Elena: The understanding that our relationship has become a partnership helps. And, by the way, this is far from being the worst situation. Unfortunately, the world around us has become tougher. This change must be acknowledged and accepted. And also one has to learn to give away more without expecting anything in return. We, all of us, are seeing only our own interests, trying to make life comfortable for ourselves. But we are forgetting that in a relationship we receive exactly as much as we give away. This means that in a family both the man and the wife must sacrifice their egotistical tendencies. Only then will there remain a chance to preserve not only the stamps in the passports, but also mutual respect, love and sex, if you pardon my frankness.

Dmitry: A relationship must be adjusted as years go by. Every effort must be taken to ensure that people continue to need each other. Only then will a family hold together.

— Dmitry, could you imagine 20 years ago that this would be part of your life forever?

Dmitry: I was a reckless person then, never analyzing anything and very young. That was why I was consumed by the emotion. Of course, if it happened now, I would think it through carefully! (laughing)

— A relationship starts with an emotion. Conscious work comes later. How much more rational are your attitudes now than before? When you see that you must go and do what is required of you, act as people expect you to, etc?

Dmitry: I would call this responsibility rather than rationality. Naturally, I have more responsibility now. I have responsibility to my family, my wife, my daughter, my parents. As years go by, a person becomes more mature, more experienced. A man must be a protector making sure that his loved ones feel safe.

— It must not be very hard to achieve when you have the example of our parents to follow?

Dmitry: Yes, but my father is a very mild person, he grew up and lived in a different time. My parents have a really unique union, they’ve been married for over 45 years. They can’t imagine living without each other.

— Have you ever had a dramatic critical point in your life when you would say to yourself: “My life could easily have gone differently”?

Dmitry: It’s useless having regrets about your past, and there may be no future ahead, so I am living in the present. As for our marriage, sometimes it was great, sometimes it was interesting or difficult or nervous, there have been fun times and romance. I mean this is life and I have no second thoughts about my past mistakes. Besides, those mistakes were in no way related to some life-defining choices. For the most part, they were financial blunders that it was quite possible to overcome.

— Many families in need of support seek such support in religion or attend family therapists. Where do you turn to when you need support: your friends, the church or a therapist?

Dmitry: I am sure that going to a therapist – something that we are not used to in our country – must be a useful thing to do. To lift the tensions that each of us accumulates as time goes by. Probably, everyone needs a good family psychologist’s advice. Instead of a psychologist, we are used to asking such advice from our friends. As for the church, I am an Orthodox believer, I go to church, read the Bible, but I also take interest in other spiritual practices. All the religions that I know of do not contradict each other in any way, all of them teach the ideas of goodness and love. A person’s task is to perfect their soul, whereas all bodily aspects are of secondary importance. I am always trying to educate myself. But these are the kind of things that any thinking person is reflecting upon.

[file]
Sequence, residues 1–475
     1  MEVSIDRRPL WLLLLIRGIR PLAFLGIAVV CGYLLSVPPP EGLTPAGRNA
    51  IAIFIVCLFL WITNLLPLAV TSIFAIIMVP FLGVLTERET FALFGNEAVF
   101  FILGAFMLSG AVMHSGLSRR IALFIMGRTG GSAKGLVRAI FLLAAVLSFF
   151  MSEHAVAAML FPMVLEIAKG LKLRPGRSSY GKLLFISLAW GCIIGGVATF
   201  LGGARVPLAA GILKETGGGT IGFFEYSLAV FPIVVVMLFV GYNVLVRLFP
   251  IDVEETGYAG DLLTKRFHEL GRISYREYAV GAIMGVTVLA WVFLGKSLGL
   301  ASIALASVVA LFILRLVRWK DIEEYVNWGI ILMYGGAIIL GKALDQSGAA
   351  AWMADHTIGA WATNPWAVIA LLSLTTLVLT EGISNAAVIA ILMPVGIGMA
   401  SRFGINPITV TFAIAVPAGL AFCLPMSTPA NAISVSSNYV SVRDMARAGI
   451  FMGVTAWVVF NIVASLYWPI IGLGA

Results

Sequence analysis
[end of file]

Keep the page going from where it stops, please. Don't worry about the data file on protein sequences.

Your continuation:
— You frequently go out together. Is this because you need this or because you have some kind of agreement?

Dmitry: It’s different. Lena has her own work. We may have breakfast together, but she might have to be in Milan in the next four hours and I might have plenty of work in the evening in Moscow. In any case, as any normal family out there, our vacations are planned depending on school holidays. But freedom is needed for a marriage to be successful. Each year my friends and I would travel to a country which is not well-suited for family vacations, such as Mongolia. We would visit different places around the country, living in austere conditions. Right now I want to go fishing to Astrakhan. I don’t think Lena would be interested in that.

Elena: Each time that Dmitry says that he is going to some remote part of the world, I am not smashing any plates in anger or making any scenes. And he also easily lets me go wherever I want. There are things that women like to do, for example, going shopping or fasting for a week. Why would we need each other for that?

hello_malikov_02.jpg— It won’t be long before Stephania comes in hand in hand with a young man and says: “Meet my boyfriend!”

Dmitry: We haven’t thought about that yet, but it’s not something we are afraid of. It is important to educate her in such a way as to make sure that she makes the right choice. We are trying to do our best.

— Can you be a strict father?

Dmitry: Yes, I can.

Elena: But he is not very successful at that. Dmitry is a gentle father. I have more conversations with Stephania these days. I explain to her the way a man should be, the way a woman should act, other subtle points that a twelve-year old might not and should not see. I am sure that it will be easier for her to tackle grown-up life with the information I give her.

— Dmitry, what about shorter term plans? Very soon you will be celebrating your birthday. What do you think the year of 2013 has in store for you?

Dmitry: I will be 43 on January the 9th. This is not a jubilee date. I haven’t yet thought about how I will celebrate this event, whether I will have a public celebration or only celebrate with my friends and family. At the beginning of a year plans always seem vague. Then there appear new offers, ideas, prospects. The most important thing is the 25th anniversary of my work as an artist. I don’t know either whether I will give a concert to celebrate this or not, I haven’t yet decided. But, at least, I feel proud and grateful to have my old fans with me and to see new people joining them. I am sure that a lot of good awaits us in the future. (smiling)

TEXT: Irina Popovich, PHOTO: Vlad Loktev

HELLO! No. 1/2 (452) of January 8, 2013